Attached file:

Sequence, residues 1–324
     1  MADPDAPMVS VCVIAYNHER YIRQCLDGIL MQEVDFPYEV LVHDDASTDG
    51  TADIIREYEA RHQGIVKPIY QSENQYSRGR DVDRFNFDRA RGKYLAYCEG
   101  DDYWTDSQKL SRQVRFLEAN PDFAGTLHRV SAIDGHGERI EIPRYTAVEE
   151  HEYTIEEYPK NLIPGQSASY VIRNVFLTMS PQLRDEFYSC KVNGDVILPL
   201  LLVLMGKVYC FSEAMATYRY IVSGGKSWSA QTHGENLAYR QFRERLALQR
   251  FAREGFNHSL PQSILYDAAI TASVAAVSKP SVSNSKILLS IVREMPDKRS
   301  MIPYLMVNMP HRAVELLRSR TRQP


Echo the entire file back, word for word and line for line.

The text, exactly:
Sequence, residues 1–324
     1  MADPDAPMVS VCVIAYNHER YIRQCLDGIL MQEVDFPYEV LVHDDASTDG
    51  TADIIREYEA RHQGIVKPIY QSENQYSRGR DVDRFNFDRA RGKYLAYCEG
   101  DDYWTDSQKL SRQVRFLEAN PDFAGTLHRV SAIDGHGERI EIPRYTAVEE
   151  HEYTIEEYPK NLIPGQSASY VIRNVFLTMS PQLRDEFYSC KVNGDVILPL
   201  LLVLMGKVYC FSEAMATYRY IVSGGKSWSA QTHGENLAYR QFRERLALQR
   251  FAREGFNHSL PQSILYDAAI TASVAAVSKP SVSNSKILLS IVREMPDKRS
   301  MIPYLMVNMP HRAVELLRSR TRQP